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Nickens v. Williams

United States District Court, N.D. Mississippi, Oxford Division

January 28, 2015



JANE M. VIRDEN, Magistrate Judge.

This matter is before the court for a report and recommendation by the undersigned Magistrate Judge on Defendant Officer Milton Williams, Jr.'s Motion to Dismiss for Failure to State a Claim [37]. Upon due consideration of this case and the applicable law, the court finds the pro se plaintiff's amended complaint against Officer Williams should be dismissed for the reasons hereafter discussed.


On May 27, 2012, Plaintiff's wife, Sherry Smith, was driving his truck on Eighth Street in downtown Lambert, Mississippi. See Am. Compl. [24] at 2. Around midnight, Smith was stopped by Officer Williams under suspicion of driving under the influence (DUI). Id. After pulling Smith over, Officer Williams alleges he asked her to submit to a breathalyzer test. When she refused, Officer Williams arrested her for DUI under Mississippi Code § 63-11-30(1)(a). See Ex. A to Def. Williams' Mem. in Supp. of Mot. to Dismiss [38-1]. Smith was charged with a first offense DUI, disorderly conduct, and failure to have a driver's license. See Ex. B. to Def.'s Mem. in Supp. of Mot. to Dismiss [38-2]. After placing Smith under arrest, Officer Williams requested the truck she was driving be towed away from the scene. See Am. Compl. [24] at 2. Accordingly, Barringer Motor Company ("Barringer") towed the vehicle and stored it on Barringer's property. Id. Plaintiff does not allege in his Amended Complaint anyone else, including himself, was available to drive the vehicle away from the scene.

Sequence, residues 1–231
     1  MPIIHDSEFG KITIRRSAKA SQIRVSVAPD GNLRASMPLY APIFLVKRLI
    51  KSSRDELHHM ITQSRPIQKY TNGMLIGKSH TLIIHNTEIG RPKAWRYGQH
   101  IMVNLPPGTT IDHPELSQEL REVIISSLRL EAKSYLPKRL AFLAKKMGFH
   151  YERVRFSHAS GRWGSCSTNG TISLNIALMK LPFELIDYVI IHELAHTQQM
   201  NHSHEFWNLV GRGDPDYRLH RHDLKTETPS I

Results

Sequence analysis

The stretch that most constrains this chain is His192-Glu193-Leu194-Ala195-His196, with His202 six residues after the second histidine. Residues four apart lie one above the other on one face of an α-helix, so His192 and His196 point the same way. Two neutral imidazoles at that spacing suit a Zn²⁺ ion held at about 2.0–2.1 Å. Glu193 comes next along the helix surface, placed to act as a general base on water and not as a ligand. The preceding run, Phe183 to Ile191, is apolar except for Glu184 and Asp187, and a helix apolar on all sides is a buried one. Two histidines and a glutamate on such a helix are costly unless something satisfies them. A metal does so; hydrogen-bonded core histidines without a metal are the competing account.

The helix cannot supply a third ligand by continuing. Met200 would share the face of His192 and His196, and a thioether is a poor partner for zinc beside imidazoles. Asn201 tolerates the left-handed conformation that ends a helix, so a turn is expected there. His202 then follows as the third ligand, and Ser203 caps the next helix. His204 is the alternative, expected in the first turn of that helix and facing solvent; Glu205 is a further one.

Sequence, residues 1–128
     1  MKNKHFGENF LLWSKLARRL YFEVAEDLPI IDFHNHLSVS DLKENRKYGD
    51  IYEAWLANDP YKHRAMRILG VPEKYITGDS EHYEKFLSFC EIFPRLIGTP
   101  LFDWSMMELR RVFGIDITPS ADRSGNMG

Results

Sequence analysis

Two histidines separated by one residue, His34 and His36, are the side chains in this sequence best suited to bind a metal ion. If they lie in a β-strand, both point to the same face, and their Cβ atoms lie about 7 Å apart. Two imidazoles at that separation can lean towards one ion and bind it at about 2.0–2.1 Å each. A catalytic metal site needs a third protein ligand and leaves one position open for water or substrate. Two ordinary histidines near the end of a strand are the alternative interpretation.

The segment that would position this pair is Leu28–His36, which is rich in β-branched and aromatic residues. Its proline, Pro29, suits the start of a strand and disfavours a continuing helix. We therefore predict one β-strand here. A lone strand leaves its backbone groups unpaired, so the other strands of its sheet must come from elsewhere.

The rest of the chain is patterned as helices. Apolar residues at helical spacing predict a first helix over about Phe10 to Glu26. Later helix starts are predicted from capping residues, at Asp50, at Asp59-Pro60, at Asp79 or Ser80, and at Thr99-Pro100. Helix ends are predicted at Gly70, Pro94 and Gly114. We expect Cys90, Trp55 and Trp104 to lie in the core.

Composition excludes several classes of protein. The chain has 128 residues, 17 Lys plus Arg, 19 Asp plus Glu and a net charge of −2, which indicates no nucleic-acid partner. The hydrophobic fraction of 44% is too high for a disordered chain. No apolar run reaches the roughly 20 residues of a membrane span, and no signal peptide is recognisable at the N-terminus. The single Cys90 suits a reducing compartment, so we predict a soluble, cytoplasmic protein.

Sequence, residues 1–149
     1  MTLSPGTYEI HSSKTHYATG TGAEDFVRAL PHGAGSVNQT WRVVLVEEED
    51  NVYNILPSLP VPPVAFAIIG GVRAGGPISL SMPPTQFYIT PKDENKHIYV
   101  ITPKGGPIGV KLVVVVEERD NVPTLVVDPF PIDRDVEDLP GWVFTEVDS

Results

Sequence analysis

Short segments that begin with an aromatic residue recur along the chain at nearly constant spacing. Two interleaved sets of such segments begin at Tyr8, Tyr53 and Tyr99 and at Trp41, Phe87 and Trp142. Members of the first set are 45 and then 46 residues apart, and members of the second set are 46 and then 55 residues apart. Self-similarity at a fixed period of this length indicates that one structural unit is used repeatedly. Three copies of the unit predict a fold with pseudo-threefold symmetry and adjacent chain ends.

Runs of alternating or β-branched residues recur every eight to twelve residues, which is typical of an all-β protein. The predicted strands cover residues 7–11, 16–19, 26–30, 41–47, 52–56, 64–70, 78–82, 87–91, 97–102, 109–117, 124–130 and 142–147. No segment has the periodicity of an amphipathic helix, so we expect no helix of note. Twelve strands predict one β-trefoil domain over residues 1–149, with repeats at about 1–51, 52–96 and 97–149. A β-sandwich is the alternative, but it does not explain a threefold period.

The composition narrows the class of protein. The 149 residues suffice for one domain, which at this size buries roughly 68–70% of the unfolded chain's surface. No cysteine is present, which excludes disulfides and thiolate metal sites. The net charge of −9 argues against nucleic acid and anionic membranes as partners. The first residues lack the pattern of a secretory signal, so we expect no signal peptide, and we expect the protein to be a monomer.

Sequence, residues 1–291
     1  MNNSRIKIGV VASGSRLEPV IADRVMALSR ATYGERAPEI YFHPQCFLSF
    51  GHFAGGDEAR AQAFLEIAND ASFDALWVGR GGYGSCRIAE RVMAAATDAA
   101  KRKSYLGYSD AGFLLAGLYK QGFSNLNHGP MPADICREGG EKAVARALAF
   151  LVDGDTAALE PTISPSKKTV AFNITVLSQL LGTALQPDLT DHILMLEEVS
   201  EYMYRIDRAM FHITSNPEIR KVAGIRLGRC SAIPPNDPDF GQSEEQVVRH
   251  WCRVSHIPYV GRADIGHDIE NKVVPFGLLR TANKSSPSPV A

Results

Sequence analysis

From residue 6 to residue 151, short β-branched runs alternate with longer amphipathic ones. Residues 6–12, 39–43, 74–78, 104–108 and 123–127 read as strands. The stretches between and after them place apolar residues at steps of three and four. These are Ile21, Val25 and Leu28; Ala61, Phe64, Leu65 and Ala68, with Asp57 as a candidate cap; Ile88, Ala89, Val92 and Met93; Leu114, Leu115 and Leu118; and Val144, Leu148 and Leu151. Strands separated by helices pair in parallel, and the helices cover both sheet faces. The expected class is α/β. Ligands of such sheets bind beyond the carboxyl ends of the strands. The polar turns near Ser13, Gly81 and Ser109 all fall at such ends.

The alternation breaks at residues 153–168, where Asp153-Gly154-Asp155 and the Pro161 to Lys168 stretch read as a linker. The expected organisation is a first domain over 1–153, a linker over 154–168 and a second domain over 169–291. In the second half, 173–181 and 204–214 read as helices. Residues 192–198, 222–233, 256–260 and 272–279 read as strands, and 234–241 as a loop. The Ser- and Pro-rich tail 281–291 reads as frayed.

On June 25, 2012, Barringer sent Plaintiff a certified letter notifying him his truck would be sold on July 16, 2012, if he did not request return of the truck and did not pay the accrued towing and storage fees. See Mem. in Supp. of Def. Barringer's Mot. to Dismiss [14] at 9. Plaintiff received the certified letter and signed for it, but did not attempt to retrieve the truck. Id. at 11. Barringer sent a second certified letter on July 6, 2012, to Plaintiff, notifying him of the impending sale of the truck. Id. at 10. Plaintiff's wife signed for the second certified letter. Id. at 11. Again, Plaintiff did not contact Barringer about the truck. On August 30, 2012, Plaintiff's wife pled guilty to DUI, first offense in Quitman County Justice Court. See Ex. C. to Def.'s Mem. in Supp. of Mot. to Dismiss [38-3]. On November 30, 2012, Barringer sold Plaintiff's truck for $955, leaving over $400 in unpaid towing and storage fees. See Mem. in Support of Def. Barringer's Mot. to Dismiss [14] at 16. Plaintiff's Amended Complaint does not allege Officer Williams played any role in the sale of the truck by Barringer. Plaintiff had an opportunity to recover the truck by paying the accrued towing and storage fees but did not do so. Plaintiff alleges no facts indicating Officer Williams prevented Plaintiff from re-possessing the truck. Plaintiff brings suit against Officer Williams under 42 U.S.C. § 1983 for violations of his Fourteenth Amendment rights to due process of law and equal protection of the law. See Am. Compl. [24] at 3. Specifically, he alleges Officer Williams caused him to be deprived of his property "when he called upon Barringer Motor Co., to take charge and possession of [his] vehicle who thereafter forfeited the same without judicial process." Id. He seeks to recover $300, 000 in compensatory damages. Id.